Man last week was crazy and I didn't get around to posting my postmodern musics from last Monday's class. Since I'm about to go into class in like 20 minutes I wanted to get this posted before another round of musics start swimming their way through my thoughts on postmodern rhetorical thought. Unfortunately time constraints preclude me from giving much context beyond saying we talked about authors. 

Since we were talking about authors, and since over the weekend I reread parts of one of my favorite books of ever, Old Man and the Sea, here's a picture of Hemingway:

So here's last week's musics.

"Acknowledgement" from A Love Supreme - John Coltrane
"Do we acknowledge..."

"Beast of Burden" - The Rolling Stones
"It can't be the beast that bears their burden..." 

"Dem Bones" - Delta River Boys
"I guess they're in the business of printing houses now...and bones."

"Here Comes My Baby" - Cat Stevens
"Does a baby actually exist?"

"What's Up" - 4 Non Blondes
"What's going on?

"I've Heard It Both Ways" - James Roday and Timothy Omundson (from Psych: The Musical)
"I wanna have it both ways?"

"Pure Energy" - Information Society
"I wanna know if...?

Bonus - Postmodern movie clip:

Some in class said something about a mechanism, and my connection-drawing mind immediately jumped to this scene from For Love of the Game. I've always thought this was a pretty corny way of talking about pitchers and their "stuff" (man I love that the pitcher's craft is referred to as "stuff"), but there you go. 

Friday, February 13, 2015

Postmodern Musics: Paper Day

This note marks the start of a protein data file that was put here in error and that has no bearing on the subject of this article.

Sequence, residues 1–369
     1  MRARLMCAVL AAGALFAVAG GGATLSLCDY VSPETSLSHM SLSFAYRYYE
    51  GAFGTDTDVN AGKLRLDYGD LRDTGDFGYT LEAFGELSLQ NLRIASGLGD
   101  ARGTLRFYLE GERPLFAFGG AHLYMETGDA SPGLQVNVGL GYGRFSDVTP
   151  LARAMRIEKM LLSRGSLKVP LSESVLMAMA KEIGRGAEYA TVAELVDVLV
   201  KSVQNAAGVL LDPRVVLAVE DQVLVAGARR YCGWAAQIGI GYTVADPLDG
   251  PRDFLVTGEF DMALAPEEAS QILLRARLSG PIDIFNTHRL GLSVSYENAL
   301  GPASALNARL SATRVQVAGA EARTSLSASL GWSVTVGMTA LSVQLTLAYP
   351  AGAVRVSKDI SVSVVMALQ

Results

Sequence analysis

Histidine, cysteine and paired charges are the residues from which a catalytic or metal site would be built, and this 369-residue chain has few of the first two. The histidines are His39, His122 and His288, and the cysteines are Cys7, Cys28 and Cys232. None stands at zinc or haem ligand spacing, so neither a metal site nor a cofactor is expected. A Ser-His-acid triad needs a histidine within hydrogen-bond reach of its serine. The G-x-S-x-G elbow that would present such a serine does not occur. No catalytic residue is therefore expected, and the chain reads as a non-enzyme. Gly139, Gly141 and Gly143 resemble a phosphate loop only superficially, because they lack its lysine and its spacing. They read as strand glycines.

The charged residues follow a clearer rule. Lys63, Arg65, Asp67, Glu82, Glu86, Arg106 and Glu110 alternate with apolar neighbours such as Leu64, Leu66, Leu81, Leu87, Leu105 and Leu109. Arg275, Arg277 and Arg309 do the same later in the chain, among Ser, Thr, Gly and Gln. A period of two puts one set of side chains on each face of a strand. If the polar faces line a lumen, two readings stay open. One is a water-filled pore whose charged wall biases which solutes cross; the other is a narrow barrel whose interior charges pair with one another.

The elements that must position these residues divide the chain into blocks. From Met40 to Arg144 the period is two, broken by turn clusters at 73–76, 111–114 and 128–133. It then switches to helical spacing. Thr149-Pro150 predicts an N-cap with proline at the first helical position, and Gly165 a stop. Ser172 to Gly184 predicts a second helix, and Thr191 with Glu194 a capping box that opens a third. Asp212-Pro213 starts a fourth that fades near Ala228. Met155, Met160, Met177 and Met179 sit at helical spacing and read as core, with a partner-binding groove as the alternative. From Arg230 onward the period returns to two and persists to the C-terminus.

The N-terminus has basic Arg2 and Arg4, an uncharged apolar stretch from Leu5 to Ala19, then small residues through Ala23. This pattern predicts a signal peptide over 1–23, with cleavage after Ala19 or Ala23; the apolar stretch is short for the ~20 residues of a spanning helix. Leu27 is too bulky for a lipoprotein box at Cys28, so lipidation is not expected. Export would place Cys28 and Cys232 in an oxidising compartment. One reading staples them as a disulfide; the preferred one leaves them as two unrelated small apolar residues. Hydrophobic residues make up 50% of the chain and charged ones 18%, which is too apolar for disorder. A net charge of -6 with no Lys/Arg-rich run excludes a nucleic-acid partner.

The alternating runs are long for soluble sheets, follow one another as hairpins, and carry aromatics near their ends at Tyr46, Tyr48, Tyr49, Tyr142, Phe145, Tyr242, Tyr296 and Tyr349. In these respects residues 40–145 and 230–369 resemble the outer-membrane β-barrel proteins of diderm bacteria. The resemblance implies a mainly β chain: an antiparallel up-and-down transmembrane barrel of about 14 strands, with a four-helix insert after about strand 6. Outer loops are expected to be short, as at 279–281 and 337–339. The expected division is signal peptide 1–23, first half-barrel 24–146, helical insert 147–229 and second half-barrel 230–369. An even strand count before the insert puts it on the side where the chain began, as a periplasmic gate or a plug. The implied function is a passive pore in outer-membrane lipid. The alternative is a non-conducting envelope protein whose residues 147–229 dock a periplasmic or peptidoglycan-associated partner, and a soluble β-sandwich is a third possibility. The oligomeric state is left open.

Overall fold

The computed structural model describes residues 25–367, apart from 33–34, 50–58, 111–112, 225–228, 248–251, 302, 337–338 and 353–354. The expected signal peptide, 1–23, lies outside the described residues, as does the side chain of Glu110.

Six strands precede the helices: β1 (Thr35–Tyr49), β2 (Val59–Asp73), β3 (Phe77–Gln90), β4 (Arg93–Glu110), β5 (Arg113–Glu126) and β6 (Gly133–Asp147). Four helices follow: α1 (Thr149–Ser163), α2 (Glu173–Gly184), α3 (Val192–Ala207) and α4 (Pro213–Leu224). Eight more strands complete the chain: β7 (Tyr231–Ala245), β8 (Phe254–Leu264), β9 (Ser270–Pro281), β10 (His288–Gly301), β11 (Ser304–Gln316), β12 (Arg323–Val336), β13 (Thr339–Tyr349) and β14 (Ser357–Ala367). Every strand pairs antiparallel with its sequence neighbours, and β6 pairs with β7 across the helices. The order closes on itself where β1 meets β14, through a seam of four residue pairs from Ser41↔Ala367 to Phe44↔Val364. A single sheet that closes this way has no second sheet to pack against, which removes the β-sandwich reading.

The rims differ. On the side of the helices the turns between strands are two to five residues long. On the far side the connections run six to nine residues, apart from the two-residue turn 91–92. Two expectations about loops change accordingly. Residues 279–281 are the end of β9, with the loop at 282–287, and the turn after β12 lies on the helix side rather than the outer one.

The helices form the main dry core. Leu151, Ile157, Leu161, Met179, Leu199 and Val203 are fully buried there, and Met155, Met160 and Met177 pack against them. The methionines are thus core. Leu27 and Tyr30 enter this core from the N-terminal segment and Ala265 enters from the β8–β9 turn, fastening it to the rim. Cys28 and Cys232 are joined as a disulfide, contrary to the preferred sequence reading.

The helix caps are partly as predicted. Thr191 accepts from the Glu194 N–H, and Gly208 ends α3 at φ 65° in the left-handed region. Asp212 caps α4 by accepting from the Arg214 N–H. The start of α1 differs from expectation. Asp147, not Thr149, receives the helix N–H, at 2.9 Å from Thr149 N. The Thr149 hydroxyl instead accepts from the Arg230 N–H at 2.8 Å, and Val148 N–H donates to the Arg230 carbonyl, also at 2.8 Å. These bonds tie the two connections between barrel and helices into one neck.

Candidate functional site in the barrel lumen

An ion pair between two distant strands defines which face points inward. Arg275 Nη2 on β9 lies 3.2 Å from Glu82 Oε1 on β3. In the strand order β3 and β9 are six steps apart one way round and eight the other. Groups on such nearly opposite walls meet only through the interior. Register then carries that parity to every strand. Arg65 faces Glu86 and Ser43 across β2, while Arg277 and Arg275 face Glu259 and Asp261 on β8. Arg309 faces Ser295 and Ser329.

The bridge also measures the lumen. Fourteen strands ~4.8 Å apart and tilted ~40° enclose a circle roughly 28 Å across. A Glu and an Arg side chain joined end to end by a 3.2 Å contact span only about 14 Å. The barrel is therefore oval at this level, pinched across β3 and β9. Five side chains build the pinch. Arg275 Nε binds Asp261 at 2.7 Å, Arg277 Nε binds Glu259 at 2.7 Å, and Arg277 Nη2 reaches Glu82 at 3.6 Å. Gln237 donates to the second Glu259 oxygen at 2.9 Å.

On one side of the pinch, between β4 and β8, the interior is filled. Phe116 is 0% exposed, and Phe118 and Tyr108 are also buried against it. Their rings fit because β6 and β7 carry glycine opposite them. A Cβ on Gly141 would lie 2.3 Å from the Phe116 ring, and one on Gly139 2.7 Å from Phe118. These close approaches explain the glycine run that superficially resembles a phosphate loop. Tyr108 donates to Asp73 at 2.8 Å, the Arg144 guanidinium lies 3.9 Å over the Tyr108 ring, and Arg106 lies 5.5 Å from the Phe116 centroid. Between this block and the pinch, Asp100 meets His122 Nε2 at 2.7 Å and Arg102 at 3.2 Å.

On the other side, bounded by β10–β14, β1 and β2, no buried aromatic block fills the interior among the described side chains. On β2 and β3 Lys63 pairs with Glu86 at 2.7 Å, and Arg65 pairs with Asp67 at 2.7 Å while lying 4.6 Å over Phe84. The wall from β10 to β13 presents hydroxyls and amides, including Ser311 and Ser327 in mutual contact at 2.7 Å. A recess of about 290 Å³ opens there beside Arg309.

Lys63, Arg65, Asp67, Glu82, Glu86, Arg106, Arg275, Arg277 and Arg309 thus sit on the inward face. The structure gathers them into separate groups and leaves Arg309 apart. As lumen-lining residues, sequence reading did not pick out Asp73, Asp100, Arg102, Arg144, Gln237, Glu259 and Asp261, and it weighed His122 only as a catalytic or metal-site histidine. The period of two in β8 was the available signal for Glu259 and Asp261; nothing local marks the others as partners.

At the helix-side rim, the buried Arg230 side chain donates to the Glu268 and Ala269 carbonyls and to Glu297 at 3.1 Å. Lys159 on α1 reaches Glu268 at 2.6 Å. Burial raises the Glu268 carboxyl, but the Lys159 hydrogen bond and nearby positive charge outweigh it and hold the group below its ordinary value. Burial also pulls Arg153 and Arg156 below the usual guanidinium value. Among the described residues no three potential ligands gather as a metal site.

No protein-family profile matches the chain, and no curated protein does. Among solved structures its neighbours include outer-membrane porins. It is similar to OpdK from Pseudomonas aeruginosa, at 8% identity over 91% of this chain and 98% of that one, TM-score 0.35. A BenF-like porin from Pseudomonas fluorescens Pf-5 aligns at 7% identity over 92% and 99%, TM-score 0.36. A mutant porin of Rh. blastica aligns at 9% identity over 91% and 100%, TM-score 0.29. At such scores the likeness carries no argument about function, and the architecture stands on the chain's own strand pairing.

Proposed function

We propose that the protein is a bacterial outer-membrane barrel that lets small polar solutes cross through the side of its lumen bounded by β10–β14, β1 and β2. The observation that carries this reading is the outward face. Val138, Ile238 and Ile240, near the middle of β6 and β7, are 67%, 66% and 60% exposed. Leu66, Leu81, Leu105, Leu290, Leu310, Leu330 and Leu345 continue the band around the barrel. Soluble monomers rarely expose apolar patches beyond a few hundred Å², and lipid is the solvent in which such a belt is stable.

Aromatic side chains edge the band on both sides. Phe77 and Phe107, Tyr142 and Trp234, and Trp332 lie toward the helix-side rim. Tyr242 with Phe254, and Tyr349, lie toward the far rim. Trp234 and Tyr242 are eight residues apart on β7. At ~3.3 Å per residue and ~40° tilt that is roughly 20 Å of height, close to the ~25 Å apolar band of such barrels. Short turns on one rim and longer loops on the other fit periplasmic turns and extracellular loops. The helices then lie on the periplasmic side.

This week in PoMo we all wrote and read and discussed "papers" about various thoughts and themes and ideas that have arisen from our readings and musings and conversings thus far in the semester. It was a highly enjoyable couple of hours made only slightly less enjoyable by the fact that my cold really picked up steam as the class progressed.

At this point I want to discuss briefly something that I've noticed as I've gone about this project for about a month now. My goal at the outset was not to actively look for connections between the things people say and musical associations, but I've found that the more I make note of these associations, the more readily they come to mind. And not just in PoMo. I'm drawing connections between music and the world around me so often that it's almost like my life has a soundtrack, but the DJ who's controlling it can't listen to more than a few bars of a given song before it switches to something else. My life has become an expansive play of musical intertextuality and I rather enjoy it. As I go about my life I feel rather like this:

and it's great. Anyway, on to the musics.

First, let me say that because I've been tracking music in this class I decided it was fitting that I talk about music in the paper that I wrote. The 2 songs I used were:

"Come Together" - The Beatles

and "Free Jazz" - Ornette Coleman

As I wrote the paper I listened to "Free Jazz" a couple of times and I feel like I gained a greater appreciation for that subgenre of jazz music that I ever have before.